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I'm nothing but a monster burning in a hell that only exists in my head. There's no hope left until one harmless glance chances logic and binds two eternal enemies together in a twist of fate. Can the escape from this hell be found in an infuriating dimpled grin? Or is this another dark, dirty trick of my own mind? A forbidden passion, heat, and intense anger—this is no fairytale.

[Disclaimer: Monster is an originally plotted fic. The ideas within this fic are not to be copied in any way, shape, or form—I have not given my consent to any manner of copying. All publicly recognizable characters, settings, etc. are the intellectual property of their respective owners. All canon concepts and characters are the property of the Twilight Saga's author, Stephenie Meyer. No copyright infringement is intended. Similarities are for the sole use of fan fiction, and no profit has been or will be benefited from the posting of this fic.] Emerging Swan Award 2012, nominated into Fandom Choice Awards.

10. Reality Check

Rating 0/5   Word Count 3103   Review this Chapter

"But there's a side to you
That I never knew, never knew.
All the things you'd say
They were never true, never true." - Adele.

Chapter Ten

Reality Check

April 18th, 2004.


The familiar sounds of my history class seemed to cause the hands of the clock to drag even slower. I let out a short breath, tearing my eyes away to watch the rain drip down the window. I stared blankly at the crystal droplets, only to be distracted again, this time by the rumbling snores in the back of the room.

I grimaced when the sound of the snores spilled into my ears. I shifted in my seat to turn back and assess the scene. There were two half-asleep boys, each hunched over their papers, mouths wide open in a blank, thoughtless expression. I didn't know the names of either of them, but who could blame me? Nearly everyone on the reservation shared the same native features. It was hard to tell the difference between one person and another. However, there was a third boy in the back that did seem familiar. I think he went by Quil. I recognized him by his buzz cut; most boys wore their hair long, so he stood out from the rest. If not for his choice of style, I would have recognized him as a kid that Jacob hung out with. When Nicole wasn't around, at least.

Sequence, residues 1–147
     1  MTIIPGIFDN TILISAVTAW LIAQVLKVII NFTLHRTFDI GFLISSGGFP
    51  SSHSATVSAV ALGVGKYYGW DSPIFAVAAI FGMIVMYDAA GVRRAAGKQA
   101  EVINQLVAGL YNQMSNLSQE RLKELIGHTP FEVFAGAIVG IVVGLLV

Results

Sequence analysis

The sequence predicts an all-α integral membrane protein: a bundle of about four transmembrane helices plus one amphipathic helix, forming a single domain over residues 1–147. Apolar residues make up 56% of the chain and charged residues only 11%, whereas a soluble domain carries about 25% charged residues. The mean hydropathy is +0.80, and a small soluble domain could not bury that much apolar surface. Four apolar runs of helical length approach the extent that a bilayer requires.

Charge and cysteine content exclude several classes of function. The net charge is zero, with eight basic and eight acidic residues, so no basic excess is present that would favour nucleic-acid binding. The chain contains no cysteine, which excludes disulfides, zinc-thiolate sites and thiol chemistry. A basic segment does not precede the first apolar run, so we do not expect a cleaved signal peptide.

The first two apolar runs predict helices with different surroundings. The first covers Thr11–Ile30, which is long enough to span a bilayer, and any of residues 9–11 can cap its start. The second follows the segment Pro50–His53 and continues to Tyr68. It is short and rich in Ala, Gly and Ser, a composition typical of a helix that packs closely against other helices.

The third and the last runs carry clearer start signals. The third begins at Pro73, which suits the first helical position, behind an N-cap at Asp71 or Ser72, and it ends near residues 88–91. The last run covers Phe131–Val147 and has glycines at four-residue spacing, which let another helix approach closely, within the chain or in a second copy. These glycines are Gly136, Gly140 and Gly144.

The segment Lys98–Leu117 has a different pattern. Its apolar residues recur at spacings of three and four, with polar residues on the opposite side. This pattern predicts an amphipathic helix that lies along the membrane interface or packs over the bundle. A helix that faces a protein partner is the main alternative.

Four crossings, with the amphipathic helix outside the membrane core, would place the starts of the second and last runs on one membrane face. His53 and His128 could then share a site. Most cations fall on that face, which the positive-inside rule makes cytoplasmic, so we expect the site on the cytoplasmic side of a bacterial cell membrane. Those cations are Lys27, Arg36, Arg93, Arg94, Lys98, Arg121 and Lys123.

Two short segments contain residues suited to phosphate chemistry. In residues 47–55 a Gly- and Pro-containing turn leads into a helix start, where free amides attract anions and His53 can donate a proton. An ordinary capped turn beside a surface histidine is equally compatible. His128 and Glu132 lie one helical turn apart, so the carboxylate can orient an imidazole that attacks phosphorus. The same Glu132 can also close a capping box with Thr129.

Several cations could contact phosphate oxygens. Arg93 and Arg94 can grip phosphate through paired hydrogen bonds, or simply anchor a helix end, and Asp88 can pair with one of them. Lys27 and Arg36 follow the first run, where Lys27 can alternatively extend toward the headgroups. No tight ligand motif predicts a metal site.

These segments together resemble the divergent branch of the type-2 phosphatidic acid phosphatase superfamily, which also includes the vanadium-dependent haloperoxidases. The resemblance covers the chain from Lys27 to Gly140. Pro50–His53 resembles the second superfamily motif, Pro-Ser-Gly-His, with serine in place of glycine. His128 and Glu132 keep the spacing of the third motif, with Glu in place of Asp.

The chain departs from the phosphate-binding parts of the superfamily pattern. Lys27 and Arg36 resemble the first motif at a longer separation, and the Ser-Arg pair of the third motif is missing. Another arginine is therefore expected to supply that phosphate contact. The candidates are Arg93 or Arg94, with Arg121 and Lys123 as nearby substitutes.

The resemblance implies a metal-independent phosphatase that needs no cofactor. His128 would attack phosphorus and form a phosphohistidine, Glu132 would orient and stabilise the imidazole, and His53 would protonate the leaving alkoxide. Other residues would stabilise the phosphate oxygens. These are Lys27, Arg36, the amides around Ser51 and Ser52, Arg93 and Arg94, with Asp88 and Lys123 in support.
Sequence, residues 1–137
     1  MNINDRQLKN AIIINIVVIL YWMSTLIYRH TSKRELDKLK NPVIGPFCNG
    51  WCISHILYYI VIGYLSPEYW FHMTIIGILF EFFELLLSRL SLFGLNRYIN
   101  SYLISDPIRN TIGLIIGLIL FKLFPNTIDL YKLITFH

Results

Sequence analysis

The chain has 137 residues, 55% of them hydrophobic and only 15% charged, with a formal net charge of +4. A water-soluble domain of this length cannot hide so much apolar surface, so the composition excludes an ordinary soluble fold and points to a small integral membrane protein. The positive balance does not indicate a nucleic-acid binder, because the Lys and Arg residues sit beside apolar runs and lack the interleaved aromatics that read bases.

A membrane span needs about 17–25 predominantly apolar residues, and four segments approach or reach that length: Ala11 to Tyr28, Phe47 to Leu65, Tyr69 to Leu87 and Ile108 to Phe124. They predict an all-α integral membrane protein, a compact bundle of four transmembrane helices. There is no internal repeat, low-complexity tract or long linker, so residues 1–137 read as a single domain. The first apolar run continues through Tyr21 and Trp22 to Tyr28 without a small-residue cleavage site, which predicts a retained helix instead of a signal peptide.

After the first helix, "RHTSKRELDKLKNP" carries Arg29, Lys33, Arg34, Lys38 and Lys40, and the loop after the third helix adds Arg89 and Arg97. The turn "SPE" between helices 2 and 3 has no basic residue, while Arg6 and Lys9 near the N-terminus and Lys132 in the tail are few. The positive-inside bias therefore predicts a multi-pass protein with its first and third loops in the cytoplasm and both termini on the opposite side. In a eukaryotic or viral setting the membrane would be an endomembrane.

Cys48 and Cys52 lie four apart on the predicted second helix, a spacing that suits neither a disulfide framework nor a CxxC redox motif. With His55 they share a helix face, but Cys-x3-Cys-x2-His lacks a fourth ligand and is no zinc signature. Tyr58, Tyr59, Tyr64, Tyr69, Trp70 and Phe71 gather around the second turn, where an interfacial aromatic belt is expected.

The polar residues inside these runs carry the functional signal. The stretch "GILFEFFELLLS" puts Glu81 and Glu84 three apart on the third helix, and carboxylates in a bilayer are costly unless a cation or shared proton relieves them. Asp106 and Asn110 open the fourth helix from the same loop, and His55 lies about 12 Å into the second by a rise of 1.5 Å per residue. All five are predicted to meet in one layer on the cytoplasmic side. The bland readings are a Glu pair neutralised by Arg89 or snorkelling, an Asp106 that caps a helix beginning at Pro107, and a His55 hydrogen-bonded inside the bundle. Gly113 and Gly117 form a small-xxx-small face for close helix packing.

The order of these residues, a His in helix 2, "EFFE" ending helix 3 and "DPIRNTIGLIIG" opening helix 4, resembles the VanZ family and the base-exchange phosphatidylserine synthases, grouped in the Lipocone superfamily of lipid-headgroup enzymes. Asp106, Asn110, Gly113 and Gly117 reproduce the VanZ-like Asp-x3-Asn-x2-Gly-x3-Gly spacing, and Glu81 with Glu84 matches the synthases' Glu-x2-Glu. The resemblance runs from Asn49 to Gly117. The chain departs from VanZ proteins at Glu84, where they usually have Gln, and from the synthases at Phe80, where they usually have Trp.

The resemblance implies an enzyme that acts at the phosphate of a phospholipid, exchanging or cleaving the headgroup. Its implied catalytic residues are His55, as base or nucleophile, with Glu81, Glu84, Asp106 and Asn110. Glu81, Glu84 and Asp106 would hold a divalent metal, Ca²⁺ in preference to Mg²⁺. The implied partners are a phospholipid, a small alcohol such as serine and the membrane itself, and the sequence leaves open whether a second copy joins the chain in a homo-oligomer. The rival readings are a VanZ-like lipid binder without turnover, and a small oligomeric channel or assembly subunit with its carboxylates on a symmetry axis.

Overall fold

The silence was shattered when the snappy, ancient substitute teacher announced that she was going to be calling out random names to read what they had for notes. I was pretty sure the whole thing was directed at the sleeping guys, but the teacher set her beady eyes on me long enough that I figured I would be one of the "random students" along with them. I'd earned a bad reputation around here, and lately, it seemed as if everyone knew about me just because of my boyfriend. Muttering, I unfolded my arms and snatched up my pencil, returning to my notes and flimsy textbook. The thing was probably just as old as the freaking teacher.

All this crap about how Quileute ancestors' "veins were filled with magic," and, "they were the only living creature powerful enough to fight off the world's unknown most dangerous predator" didn't make much sense to me. Something in the back of my mind triggered anxious shudders in response to some of the descriptions in the book. Maybe that was why I'd gotten distracted in the first place, but it wasn't clear what exactly was causing my reaction.

I needed to focus. If we didn't learn this, we'd all fail this year and end up with a crappy job, if anything at all. Ending up like the cranky substitute wasn't exactly on my to-do list, so I set to work, scribbling phrases on my paper. All anybody had to do was take the main ideas and change the words around. It worked like a charm, especially when notes were allowed on tests.

My hand started to flow across the paper while I turned thoughts into markings, my pencil making faint squeaks when it slid across the smooth, wooden desk.

Thousands of years ago, before most records were even recorded, Eli was. . .

I frowned, moving my fingers to bring my eraser to my paper and rub off the interruption before continuing.

Until one night, three women were declared missing. This was the start to the interesting part of our history, a twist in the story. After hearing the news, Quileute warriors, also known as Eli. . .

Once again, I scribbled off the name and continued to write, fingers clenching around my pencil while I willed myself to focus. I had ignored the note on the blackboard making it clear that copying directly from the book would drop the grade. Something was better than nothing, after all.

The Quileutes prospered, with fish to fill hungry stomachs and strong children born from their women. They pulled great whales from the sea, celebrating victories, not wasting a drop of what they owned, and for generations, they were content. However, jealousy rose among the Quileute's neighbors, and many had tried to take their lands by force, but the Spirit Warriors of the tribe used their magic to protect what was theirs. It came upon a time that the last of the Great Spirit Chiefs, Taha Aki, was betrayed by the Spirit Warrior, Utlapa. After Utlapa had stolen Taha Aki's body and used it to usurp Taha Aki's place among the tribe, the spirit of Taha Aki was in agony, having spent too long apart from his body. A predatory animal agreed to allow Taha Aki to share its body, and eventually, an enraged Taha Aki resumed a human form, strengthened by the animal, and slew Utlapa. After finding himself able to transform between man and an animal form, Taha Aki did not age and fathered many sons who shared his abilities. The sons of the tribe who were able to shift forms, known as Eli's—

My writing ended there. The swelling frustration exploded inside me, causing my pencil to snap from the strain of my clenched hand. I blinked, staring at the split wood, wondering why I was overreacting so much over my mistakes. I would be thirteen next month; I needed to keep my cool.